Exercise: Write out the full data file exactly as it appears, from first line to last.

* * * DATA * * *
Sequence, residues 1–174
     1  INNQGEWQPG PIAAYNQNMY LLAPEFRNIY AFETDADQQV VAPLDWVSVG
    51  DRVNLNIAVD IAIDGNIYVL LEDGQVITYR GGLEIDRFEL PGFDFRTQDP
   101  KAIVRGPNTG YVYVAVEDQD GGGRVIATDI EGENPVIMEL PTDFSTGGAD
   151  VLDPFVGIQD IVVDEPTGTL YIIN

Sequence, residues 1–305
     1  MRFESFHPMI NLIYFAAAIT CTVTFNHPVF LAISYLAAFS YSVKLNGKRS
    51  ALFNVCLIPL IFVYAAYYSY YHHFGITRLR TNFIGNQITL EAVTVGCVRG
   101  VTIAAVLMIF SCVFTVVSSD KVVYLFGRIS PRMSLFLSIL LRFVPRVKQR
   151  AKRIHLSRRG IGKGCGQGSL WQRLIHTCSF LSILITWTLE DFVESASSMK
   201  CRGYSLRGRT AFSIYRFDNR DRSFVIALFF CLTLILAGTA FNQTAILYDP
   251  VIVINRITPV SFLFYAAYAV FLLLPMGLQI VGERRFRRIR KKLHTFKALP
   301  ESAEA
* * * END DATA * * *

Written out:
Sequence, residues 1–174
     1  INNQGEWQPG PIAAYNQNMY LLAPEFRNIY AFETDADQQV VAPLDWVSVG
    51  DRVNLNIAVD IAIDGNIYVL LEDGQVITYR GGLEIDRFEL PGFDFRTQDP
   101  KAIVRGPNTG YVYVAVEDQD GGGRVIATDI EGENPVIMEL PTDFSTGGAD
   151  VLDPFVGIQD IVVDEPTGTL YIIN

Sequence, residues 1–305
     1  MRFESFHPMI NLIYFAAAIT CTVTFNHPVF LAISYLAAFS YSVKLNGKRS
    51  ALFNVCLIPL IFVYAAYYSY YHHFGITRLR TNFIGNQITL EAVTVGCVRG
   101  VTIAAVLMIF SCVFTVVSSD KVVYLFGRIS PRMSLFLSIL LRFVPRVKQR
   151  AKRIHLSRRG IGKGCGQGSL WQRLIHTCSF LSILITWTLE DFVESASSMK
   201  CRGYSLRGRT AFSIYRFDNR DRSFVIALFF CLTLILAGTA FNQTAILYDP
   251  VIVINRITPV SFLFYAAYAV FLLLPMGLQI VGERRFRRIR KKLHTFKALP
   301  ESAEA